Before we can discuss this (she’s wrong), Jamaica turns up and we have to discuss the show’s racist past again.
Sue: At least he isn’t blacked-up.
Just as we’re about to launch into a critical dissection of the programme’s treatment of race – in a way that would have made Philip Sandifer proud – Jamaica is brutally murdered by Pike, which we get to see in all its gory glory.
Sue: There was a time when the Doctor would have legged it at this point. And if he did leg it at this point, the story would be a lot shorter. I think I preferred him when he was an irritable coward, after all.
Sue: I can’t believe people still think Polly is a boy. How old do they think ‘he’ is? Her voice is so high it could shatter glass. Look at her hips, people!
Sadly, the characters are too wrapped up in their own problems to notice Anneke Wills’ curves; they just want to kill each other so they can get their hands (and hooks) on Hugh Bonneville’s gold.
Sue: I hope this episode turns into a bloodbath. At least that way we might get to see some of it.
It does. And for long, extended periods we have nothing to go on but the sound of people fighting each other. Including poor Ben.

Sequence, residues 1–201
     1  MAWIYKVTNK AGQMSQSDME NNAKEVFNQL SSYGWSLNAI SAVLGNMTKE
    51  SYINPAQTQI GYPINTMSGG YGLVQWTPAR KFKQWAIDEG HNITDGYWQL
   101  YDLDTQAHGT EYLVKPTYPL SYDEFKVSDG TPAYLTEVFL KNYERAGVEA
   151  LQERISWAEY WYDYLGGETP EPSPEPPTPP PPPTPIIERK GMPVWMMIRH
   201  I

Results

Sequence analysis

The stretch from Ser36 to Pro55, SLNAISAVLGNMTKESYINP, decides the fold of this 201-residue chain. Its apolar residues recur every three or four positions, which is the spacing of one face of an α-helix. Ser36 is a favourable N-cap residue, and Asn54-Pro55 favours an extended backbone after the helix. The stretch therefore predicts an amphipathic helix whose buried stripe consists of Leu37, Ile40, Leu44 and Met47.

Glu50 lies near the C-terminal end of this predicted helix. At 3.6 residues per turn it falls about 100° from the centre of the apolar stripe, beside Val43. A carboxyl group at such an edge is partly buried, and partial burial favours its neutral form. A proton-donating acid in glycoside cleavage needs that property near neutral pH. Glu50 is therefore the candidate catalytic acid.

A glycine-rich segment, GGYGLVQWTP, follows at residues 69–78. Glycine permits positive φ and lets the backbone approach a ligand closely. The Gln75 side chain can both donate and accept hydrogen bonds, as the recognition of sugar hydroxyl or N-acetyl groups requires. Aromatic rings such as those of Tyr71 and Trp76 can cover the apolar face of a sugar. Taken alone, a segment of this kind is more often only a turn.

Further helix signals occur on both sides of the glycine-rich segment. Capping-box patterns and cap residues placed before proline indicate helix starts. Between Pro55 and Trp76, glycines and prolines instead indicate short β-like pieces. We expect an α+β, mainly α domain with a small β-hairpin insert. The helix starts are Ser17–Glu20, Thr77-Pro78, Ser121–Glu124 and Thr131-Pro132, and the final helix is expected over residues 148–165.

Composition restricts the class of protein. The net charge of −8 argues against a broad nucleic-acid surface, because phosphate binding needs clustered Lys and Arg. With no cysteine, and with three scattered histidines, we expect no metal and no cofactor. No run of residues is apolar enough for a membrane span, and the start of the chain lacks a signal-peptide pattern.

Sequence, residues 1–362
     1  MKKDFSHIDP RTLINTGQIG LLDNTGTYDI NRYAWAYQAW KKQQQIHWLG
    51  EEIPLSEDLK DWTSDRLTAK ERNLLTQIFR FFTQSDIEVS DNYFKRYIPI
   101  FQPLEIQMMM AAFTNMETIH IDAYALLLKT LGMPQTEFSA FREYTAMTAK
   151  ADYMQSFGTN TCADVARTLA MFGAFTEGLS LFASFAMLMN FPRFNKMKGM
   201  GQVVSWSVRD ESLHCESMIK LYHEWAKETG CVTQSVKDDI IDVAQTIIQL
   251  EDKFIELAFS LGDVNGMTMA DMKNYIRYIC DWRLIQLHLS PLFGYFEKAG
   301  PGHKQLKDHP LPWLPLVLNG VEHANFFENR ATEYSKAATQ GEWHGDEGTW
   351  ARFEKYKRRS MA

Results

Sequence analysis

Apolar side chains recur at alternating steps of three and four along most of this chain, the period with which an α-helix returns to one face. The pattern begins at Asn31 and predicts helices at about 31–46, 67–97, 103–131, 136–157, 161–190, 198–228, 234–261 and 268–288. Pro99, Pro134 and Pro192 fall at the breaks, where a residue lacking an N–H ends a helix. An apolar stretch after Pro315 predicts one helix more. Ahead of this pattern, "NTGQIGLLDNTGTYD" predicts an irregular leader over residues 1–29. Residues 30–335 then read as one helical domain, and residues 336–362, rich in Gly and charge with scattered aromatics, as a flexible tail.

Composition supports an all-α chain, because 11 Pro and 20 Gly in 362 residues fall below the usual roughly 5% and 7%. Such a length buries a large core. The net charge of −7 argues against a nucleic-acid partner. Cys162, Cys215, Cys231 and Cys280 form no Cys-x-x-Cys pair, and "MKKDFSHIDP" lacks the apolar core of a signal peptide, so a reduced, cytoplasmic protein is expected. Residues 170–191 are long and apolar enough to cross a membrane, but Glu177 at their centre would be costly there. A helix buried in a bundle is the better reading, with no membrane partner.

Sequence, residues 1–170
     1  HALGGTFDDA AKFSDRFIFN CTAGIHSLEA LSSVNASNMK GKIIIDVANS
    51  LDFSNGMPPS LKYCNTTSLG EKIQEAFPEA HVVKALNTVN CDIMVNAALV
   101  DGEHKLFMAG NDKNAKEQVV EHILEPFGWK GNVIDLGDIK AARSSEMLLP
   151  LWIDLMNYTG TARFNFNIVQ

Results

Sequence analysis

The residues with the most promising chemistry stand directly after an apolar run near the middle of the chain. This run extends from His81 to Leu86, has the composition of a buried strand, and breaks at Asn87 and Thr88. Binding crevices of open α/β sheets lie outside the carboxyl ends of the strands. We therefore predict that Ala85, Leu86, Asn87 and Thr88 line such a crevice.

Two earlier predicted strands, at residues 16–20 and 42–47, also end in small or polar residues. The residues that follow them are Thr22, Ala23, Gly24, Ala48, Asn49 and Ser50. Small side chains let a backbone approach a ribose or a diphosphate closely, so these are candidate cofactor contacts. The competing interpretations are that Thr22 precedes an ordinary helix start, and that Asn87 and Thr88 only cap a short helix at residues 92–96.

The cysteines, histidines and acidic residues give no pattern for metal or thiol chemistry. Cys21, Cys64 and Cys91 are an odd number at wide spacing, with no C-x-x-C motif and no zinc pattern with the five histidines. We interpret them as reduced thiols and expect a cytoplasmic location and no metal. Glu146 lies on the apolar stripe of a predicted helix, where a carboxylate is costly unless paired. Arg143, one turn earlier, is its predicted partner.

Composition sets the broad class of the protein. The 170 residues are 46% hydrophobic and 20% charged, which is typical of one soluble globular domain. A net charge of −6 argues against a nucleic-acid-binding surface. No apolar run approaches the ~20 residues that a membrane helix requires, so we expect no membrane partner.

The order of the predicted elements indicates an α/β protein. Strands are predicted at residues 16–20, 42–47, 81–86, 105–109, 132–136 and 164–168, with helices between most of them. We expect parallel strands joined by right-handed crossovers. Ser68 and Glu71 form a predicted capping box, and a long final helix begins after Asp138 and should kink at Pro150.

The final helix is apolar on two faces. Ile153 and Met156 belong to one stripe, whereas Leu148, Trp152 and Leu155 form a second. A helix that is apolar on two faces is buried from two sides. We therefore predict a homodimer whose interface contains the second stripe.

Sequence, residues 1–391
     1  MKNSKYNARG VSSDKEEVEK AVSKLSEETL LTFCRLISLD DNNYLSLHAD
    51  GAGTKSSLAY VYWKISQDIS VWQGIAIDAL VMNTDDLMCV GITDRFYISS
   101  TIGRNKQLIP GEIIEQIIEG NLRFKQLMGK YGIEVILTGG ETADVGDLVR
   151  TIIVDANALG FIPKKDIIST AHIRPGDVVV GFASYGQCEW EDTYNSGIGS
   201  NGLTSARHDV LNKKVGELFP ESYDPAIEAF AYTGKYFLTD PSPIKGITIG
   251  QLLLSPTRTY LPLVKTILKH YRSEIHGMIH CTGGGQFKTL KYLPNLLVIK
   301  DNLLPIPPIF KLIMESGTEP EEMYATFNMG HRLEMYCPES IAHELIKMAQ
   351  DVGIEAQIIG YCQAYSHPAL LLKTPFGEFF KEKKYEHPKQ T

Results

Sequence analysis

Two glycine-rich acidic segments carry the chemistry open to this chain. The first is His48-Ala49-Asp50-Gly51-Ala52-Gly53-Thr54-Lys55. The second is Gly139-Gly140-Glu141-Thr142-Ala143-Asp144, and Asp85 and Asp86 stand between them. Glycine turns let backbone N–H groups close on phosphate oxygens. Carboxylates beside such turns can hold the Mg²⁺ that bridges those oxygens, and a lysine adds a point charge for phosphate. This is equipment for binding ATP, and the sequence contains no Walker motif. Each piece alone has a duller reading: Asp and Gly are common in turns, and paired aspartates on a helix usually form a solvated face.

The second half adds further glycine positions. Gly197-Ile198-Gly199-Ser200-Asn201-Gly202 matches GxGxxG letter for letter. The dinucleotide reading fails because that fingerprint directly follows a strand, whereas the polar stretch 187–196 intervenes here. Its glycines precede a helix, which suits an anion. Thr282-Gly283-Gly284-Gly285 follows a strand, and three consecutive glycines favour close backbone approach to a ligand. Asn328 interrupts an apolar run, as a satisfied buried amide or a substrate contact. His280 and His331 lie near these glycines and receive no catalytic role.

Sue: I like Ben. He’s a bit handy and he doesn’t **** about. Hang on a minute, did he just tell Polly to put the kettle on? That’s borderline genius!
A pirate grabs Polly and runs off to a cave with her.
Sue: I hope he’s not gay. He might try to rape her.
It’s a bloodbath. Pike kills Cherub and then Pike is killed by Penny’s dad. And it sounds as if the pirates got their rum-addled arses kicked, too. In fact, the only person who seems to make it out alive is the chief smuggler himself, the Squire. Not that the Doctor can be arsed with any of that – he’s legged it back to the TARDIS before he can cause any more grief.
Sue: I’ve just realised something – Ben is a sailor but he didn’t get to visit the pirate ship. Bit of a wasted opportunity, that. And here’s another thing, why is Hartnell on his way out? He was fine in this. He’s as strong and as confident as we’ve ever seen (or heard) him. I thought he was supposed to be ill?
Sue: There was nothing inherently wrong with that – it’s just that we’ve seen it all before. It wasn’t that bad, but it wasn’t that great, either. It wasn’t funny enough for me, and it feels like we’ve been treading water. I’ll have forgotten it by next week.
Sue: I hope something interesting happens in the next one.